According to the Ministry of Foreign Affairs, the Black Sea region will be a major theme on the list of Romania’s priorities in the context of supporting the presidency for the EU Council in 2019. What opportunities, challenges and vulnerabilities do you see regarding the exploitation of hydrocarbon resources in the Romanian Black Sea sector (from a political, economic and other points of view)?
I think exploration and exploitation in the Black Sea, now with the oil price moving up and also with the right kind of policy and regulation and the fiscal policy for this specific issue, will go forward, this is my instinct. I’ve also seen recently Exxon offering a big public tender for some operations.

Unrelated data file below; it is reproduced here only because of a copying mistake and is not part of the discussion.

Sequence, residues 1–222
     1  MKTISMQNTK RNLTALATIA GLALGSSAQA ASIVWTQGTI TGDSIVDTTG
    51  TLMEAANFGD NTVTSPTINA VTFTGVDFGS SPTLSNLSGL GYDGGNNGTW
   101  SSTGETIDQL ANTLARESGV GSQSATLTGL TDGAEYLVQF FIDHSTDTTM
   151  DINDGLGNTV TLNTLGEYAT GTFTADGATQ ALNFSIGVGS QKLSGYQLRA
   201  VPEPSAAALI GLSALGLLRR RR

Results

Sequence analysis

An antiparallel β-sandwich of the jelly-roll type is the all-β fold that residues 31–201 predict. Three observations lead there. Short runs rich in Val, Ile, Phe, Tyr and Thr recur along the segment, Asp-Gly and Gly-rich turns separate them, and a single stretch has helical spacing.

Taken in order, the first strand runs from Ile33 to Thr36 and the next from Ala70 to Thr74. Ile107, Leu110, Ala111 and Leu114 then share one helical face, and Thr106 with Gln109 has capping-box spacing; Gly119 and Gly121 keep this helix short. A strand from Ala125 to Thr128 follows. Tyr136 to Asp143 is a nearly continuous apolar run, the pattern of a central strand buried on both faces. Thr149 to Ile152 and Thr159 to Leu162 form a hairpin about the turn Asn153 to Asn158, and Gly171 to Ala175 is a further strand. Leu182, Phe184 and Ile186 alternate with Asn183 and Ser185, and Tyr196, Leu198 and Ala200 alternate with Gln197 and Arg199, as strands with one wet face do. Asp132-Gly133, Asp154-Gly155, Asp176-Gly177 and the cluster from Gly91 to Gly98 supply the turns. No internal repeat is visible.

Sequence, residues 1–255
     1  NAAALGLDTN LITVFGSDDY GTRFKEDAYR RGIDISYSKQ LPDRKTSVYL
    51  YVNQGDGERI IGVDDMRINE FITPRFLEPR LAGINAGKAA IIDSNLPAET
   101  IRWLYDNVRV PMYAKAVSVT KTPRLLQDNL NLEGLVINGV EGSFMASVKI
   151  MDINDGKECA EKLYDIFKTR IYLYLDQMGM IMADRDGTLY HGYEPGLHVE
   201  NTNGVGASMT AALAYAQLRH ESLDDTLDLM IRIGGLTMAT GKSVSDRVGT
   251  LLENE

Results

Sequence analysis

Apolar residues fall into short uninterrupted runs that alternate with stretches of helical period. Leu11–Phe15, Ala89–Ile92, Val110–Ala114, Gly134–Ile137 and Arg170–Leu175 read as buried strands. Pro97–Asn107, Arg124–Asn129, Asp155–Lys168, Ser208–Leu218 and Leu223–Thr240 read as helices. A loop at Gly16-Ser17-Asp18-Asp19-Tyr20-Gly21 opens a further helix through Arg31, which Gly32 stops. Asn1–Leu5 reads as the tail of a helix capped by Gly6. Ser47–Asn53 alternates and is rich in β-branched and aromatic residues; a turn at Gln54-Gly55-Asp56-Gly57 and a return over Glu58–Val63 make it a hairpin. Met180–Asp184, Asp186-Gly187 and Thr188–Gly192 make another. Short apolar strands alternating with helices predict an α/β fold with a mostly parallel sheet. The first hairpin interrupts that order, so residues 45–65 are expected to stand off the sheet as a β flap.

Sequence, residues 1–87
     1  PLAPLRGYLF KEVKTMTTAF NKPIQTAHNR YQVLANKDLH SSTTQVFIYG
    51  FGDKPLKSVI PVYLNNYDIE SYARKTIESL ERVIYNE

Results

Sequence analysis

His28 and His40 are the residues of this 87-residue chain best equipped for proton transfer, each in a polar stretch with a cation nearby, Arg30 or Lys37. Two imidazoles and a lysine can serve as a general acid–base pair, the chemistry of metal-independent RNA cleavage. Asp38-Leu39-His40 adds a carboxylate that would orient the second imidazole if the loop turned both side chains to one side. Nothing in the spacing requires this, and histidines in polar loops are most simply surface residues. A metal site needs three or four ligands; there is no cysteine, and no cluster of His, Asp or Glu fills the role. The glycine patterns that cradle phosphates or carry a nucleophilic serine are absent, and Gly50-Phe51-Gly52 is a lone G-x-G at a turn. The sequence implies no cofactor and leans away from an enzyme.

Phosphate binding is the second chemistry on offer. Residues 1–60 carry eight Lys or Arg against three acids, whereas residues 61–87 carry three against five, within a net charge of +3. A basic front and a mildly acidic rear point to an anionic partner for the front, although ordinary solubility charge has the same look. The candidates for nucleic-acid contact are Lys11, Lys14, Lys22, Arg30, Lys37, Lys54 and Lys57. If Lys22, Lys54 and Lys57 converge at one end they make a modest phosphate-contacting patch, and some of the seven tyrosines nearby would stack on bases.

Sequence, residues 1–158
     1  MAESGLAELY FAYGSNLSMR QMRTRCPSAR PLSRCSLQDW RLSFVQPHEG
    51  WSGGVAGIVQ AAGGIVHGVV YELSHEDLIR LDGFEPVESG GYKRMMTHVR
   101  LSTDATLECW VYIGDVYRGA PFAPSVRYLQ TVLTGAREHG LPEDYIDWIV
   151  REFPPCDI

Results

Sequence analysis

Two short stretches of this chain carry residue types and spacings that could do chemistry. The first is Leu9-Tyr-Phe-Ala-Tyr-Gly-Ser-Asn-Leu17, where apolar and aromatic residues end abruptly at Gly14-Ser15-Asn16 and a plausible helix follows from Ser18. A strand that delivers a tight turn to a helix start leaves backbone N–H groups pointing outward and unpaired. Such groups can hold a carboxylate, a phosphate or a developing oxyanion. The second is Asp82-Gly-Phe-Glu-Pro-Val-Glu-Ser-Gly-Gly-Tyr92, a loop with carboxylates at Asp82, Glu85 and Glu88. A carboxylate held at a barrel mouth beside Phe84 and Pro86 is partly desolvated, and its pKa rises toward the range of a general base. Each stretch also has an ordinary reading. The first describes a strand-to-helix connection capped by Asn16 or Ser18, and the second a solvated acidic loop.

They also brought, all the way from Egypt, this state-of-the-art drilling operation. They have also developed new technology to work in the very sulphurous waters of the Black Sea.
If a giant like this one is starting in Romania, I think that they have projects around the Black Sea, possibly in Ukraine, although there is a difficult situation because of the Crimea annexation by Russia.
We’ll see how things develop in the offshore area – OMV Petrom will go forward and also Carlyle Group will go forward. This is a game changer for Romania and also for the Black Sea.
What will happen with this natural gas? Of course, this is another conversation about the pipeline system about how much do we export, about how much is used domestically.